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How often do you think about what you’re eating, what you plan to eat or what you ate earlier? Are these thoughts about hunger, taste and satisfaction… or are they filled with numbers, guilt and shame?

Back in my teens, the only thoughts that swirled around my head were the latter. I thought about how the food I ate would affect my body, how many calories I was consuming, how I could avoid eating, what lies I could tell others about what I was eating. Each thought dripping with guilt and shame. 

Today those thoughts are very different. They spark from a pure and innocent place. They consider what options are available, asking my body – “what do you want right now?” and also, “what do you need?”.

My thoughts are light and free. There’s no guilt or shame weighing them down. I, basically, eat whatever I want… and it’s glorious. 

Choices have become easy. Eating out is a pleasure. My morality doesn’t come into question, I don’t spend hours analysing how a snack will affect my waistline. I simply satisfy my hunger in whichever way I please.

Now, I won’t lie – this lovely guilt-free place took some time to get to (around 15 years to be brutally honest) and it involved professional support to overcome my eating disorder. But, I am here. And I so want other people to join me here, it’s really rather lovely.

So I thought I’d talk a little about how I live in this guilt-free world (and how I definitely get it wrong sometimes) in case anyone else finds it helpful.


I haven’t weighed myself in years and I don’t intend to. The numbers on those scales controlled my life once upon a time, and I refuse to give them that power again. Weight isn’t a measure of health or a reflection of worth.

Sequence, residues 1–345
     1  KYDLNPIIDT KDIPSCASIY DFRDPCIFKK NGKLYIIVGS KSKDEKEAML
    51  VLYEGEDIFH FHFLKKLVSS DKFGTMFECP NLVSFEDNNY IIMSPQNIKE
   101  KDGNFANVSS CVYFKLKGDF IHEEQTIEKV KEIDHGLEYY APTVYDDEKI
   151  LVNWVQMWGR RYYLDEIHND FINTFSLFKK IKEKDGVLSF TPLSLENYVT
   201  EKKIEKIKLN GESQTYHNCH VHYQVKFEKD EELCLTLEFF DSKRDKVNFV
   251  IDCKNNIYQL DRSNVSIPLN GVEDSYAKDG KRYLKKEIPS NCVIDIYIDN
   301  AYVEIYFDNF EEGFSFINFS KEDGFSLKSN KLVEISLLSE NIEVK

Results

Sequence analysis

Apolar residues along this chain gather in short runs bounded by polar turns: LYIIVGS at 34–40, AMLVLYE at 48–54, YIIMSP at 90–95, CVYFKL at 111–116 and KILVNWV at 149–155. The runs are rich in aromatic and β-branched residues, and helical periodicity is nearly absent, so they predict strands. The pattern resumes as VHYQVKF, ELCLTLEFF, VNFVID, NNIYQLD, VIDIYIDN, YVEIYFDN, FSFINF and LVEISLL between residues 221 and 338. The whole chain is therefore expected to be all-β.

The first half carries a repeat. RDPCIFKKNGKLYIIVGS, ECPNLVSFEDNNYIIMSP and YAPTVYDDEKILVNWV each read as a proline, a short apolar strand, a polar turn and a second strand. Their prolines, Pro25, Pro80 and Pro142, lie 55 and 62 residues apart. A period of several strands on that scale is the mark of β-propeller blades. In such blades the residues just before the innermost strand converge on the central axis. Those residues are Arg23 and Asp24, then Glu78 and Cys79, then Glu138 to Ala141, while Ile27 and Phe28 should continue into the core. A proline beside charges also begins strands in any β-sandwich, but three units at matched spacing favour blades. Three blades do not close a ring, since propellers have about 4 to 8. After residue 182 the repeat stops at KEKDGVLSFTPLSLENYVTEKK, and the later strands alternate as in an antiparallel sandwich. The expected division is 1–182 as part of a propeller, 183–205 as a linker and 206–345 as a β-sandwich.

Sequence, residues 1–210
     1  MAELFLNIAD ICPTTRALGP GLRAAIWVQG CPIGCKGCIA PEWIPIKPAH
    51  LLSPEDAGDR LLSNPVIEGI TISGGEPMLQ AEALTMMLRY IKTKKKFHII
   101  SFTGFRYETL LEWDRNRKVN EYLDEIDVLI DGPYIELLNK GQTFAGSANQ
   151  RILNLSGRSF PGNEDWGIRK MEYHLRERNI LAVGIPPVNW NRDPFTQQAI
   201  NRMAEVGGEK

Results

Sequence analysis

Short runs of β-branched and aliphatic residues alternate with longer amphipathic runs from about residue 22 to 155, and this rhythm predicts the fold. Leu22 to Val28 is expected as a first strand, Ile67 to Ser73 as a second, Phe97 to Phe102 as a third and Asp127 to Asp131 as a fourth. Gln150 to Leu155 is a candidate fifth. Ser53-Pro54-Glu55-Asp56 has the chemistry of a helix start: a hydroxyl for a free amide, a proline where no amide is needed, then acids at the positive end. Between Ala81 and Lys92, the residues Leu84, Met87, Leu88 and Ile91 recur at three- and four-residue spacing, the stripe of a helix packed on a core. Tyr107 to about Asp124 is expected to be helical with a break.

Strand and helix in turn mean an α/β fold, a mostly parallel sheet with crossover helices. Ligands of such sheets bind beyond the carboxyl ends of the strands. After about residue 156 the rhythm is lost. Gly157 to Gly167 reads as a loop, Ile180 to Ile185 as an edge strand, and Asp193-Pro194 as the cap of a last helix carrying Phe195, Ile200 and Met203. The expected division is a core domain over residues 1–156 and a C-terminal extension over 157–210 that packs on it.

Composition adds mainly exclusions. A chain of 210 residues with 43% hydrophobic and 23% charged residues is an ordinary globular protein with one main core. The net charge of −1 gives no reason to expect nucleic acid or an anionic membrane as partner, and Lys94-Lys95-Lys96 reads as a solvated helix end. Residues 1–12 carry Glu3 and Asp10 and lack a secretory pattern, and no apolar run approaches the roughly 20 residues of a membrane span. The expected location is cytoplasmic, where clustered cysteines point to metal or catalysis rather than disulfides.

If there’s one thing you take away from this, I hope it’s to ditch the scales. My advice would be to throw them away entirely so you aren’t tempted to step on them. Learn to judge how you feel by listening to your body instead.


Some people have diet rules they live by… those people are not my people. Rules and restriction can lead to disordered eating and therefore I don’t pay them any attention. If I’m going out for dinner, this has no effect on what I’ll eat for lunch. I don’t think ‘If I have this, I can’t have that’.

I never tell myself I can’t have something.

You know what happens when you tell yourself you can’t have something? You’ll start to crave it. I see so many articles about willpower and ‘how to crush cravings!’, but guess what? If you allow yourself to eat it, listen to your body and start to eat intuitively… you’ll crave it less. Your body will know it can have it whenever it wants, so there’s less panic and compulsion.

How I eat what I want 4


This is the important bit. Listening to my body is about recognising what I want to eat, what I need to eat and what feels good to me in that moment. And this is the bit I still get very wrong sometimes. Recently, for example, I was feeling incredibly lazy – so instead of cooking myself the tasty salmon, rice and veg dinner I had planned, I ate half a pack of Pringles and dip.